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Cincinnati Reds Links 4/23/15

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Benny Sieu-USA TODAY Sports

In today's loss against the Brewers, Billy Hamilton got caught stealing, which is his first of the year, compared to his MLB-leading 9 successful stolen bases. The Reds team stolen base total of 17 also leads the majors, though the Red Sox, Mets and Athletics still remain with no times caught stealing. Although I can think of a couple baserunning gaffes, overall the baserunning game has looked good for the Reds, especially considering last year's issues, and Bryan Price's focus on the running game this spring. In case you were wondering, here is a random graph (Red Reposter Random Regrapher?) of Reds last twenty seasons of BsR, which is defined by fangraphs as: "Number of runs above or below average a [team] has been worth on the bases, based on stolen bases, caught stealing, extra bases taken, outs on the bases, and avoiding double plays. It is the combination of wSB, UBR, and wGDP."

*This actually reflects the BsR as of before today's game, which will probably have changed with today's game, but it hardly matters, because the "projection" was me multiplying that number by 10. Transparency!

In recent years, better baserunning has correlated with better results - the Reds ranked 1st in BsR in 2010, and 2nd in 2012. But before that, we've run well and also kind of sucked.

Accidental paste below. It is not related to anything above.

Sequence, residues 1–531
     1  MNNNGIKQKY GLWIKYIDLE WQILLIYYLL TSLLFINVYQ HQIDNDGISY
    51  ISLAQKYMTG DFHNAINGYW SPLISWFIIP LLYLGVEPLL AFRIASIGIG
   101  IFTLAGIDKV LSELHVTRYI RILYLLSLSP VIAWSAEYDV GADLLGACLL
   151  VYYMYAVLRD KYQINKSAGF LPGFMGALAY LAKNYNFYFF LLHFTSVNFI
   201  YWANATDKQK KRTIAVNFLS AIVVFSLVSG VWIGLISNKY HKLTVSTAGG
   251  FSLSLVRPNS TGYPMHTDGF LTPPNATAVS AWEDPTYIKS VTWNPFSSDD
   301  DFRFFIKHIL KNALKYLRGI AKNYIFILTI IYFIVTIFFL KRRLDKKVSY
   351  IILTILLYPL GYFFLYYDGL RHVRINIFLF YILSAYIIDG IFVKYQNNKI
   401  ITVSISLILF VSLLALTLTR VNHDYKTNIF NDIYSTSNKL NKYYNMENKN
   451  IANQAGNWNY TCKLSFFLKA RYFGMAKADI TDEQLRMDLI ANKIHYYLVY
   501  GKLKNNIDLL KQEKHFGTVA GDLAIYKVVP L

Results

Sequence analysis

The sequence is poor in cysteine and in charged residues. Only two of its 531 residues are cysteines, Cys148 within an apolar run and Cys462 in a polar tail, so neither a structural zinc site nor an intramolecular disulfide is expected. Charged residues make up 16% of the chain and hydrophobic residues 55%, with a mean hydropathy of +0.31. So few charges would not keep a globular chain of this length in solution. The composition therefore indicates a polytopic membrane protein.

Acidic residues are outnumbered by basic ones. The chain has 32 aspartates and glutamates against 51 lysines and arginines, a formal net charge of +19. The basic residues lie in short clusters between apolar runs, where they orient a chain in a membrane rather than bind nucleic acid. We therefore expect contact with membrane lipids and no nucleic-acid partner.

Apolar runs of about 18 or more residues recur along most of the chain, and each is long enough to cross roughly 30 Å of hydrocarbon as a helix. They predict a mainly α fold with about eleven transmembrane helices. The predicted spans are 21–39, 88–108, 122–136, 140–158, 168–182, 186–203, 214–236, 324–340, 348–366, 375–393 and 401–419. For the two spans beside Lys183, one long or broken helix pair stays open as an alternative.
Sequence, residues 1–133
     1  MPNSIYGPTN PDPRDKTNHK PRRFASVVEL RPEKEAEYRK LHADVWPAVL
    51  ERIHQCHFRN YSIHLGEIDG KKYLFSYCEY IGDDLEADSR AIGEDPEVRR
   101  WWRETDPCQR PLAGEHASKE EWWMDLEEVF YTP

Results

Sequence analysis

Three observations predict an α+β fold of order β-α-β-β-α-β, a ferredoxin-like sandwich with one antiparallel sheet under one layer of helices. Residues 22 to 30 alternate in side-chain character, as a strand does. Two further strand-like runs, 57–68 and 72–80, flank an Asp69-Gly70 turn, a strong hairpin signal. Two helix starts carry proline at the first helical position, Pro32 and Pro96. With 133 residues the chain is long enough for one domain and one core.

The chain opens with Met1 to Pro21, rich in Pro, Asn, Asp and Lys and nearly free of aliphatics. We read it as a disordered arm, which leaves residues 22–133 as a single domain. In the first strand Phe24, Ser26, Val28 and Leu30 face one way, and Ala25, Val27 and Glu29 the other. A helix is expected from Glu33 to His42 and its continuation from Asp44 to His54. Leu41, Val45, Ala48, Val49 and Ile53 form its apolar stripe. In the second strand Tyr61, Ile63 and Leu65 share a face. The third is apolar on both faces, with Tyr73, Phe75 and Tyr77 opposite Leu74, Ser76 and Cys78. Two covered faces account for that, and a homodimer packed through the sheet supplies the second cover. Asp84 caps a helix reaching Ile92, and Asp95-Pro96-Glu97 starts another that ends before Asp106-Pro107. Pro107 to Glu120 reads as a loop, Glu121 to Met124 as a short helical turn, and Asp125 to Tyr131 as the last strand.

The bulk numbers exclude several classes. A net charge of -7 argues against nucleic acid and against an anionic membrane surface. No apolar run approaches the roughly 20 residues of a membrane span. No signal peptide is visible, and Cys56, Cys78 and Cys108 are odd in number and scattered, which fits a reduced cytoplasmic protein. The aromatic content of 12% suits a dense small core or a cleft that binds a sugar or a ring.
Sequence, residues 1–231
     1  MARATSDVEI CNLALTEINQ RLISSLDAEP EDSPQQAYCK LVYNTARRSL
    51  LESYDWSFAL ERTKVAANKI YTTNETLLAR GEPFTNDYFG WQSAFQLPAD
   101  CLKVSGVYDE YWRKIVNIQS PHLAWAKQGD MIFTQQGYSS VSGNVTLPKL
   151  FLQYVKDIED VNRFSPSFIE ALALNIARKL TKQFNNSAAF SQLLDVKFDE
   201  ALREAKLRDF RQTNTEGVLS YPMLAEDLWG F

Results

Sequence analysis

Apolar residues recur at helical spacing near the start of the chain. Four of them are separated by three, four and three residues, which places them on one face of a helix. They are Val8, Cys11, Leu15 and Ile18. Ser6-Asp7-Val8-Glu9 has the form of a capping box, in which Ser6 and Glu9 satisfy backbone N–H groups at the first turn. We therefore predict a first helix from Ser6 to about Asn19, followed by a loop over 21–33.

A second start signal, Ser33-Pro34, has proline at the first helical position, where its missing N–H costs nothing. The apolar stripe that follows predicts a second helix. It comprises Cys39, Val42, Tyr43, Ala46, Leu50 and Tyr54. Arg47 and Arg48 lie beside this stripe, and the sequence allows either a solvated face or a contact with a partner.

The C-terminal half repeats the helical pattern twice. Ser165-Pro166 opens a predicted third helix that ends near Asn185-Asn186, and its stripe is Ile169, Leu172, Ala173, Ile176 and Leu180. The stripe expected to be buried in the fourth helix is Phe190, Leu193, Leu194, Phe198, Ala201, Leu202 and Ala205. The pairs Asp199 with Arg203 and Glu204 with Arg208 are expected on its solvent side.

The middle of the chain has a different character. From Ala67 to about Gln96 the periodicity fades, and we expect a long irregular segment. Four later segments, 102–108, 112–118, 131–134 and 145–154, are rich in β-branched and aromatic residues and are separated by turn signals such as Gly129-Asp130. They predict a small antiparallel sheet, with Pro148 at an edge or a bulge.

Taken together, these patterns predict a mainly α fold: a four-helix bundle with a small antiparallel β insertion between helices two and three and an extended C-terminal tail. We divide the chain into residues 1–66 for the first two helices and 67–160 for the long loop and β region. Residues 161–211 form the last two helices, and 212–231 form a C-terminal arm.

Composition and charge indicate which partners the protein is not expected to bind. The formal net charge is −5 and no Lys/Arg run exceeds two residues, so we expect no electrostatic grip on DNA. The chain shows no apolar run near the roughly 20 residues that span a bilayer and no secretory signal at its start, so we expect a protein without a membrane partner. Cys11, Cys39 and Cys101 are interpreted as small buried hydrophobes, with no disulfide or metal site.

Despite Jason Marquis's bad night against the Brewers, and his previous bad night against the Cubs, he has an outstanding K/9 - second only to Clayton Kershaw among qualifying pitchers. This seems like a clear candidate for not-happening-anymore, but Craig Edwards at fangraphs takes a closer look, with historical peripherals and gifs. Hitters are swinging more out of the zone, swinging less in the zone, and making less contact, but a new splitter could explain his success. If you can call Jason Marquis's 2015 season a sucess.

Baseball Commissioner Rob Manfred has stated that Pete Rose will be allowed to participate in All-Star Game festivities. He was also allowed to participate in 1999, though. Manfred also stated his distinction between gambling and steroids.

Todd Frazier was featured in an article about the longest home runs ever at the Jersey Shore. I wonder a teensy bit if the memory of his home run stands out more because of his subsequent success, but in any case, it's a pretty neat little article about local high school baseball lore. Also, adorable pics of high school Todd Frazier.

The Reds were came up as bystanders to some historical events that have come back to mind recently. Willie Mays hit his 660th home run against the Reds in Shea in 1973, and Hank Aaron got his 3000th hit in Cincinnati in 1970. And, actually Hank Aaron also hit his 660th home run off the Reds in Cincinnati. And his 714th Home run. Well, in any case, at least we're not playing the Yankees anytime soon.

The Ohio Senate passed the open-container bill, yesterday.

I think most people don't want to hear about F******gate anymore, but it's all that comes up anymore when you google the Reds, so here's a collection of  random links that are at least vaguely related: Puppet(?) versionWall street journal mildly funny versiongerman translation version, and Bryan Price's pro se litigant soulmate.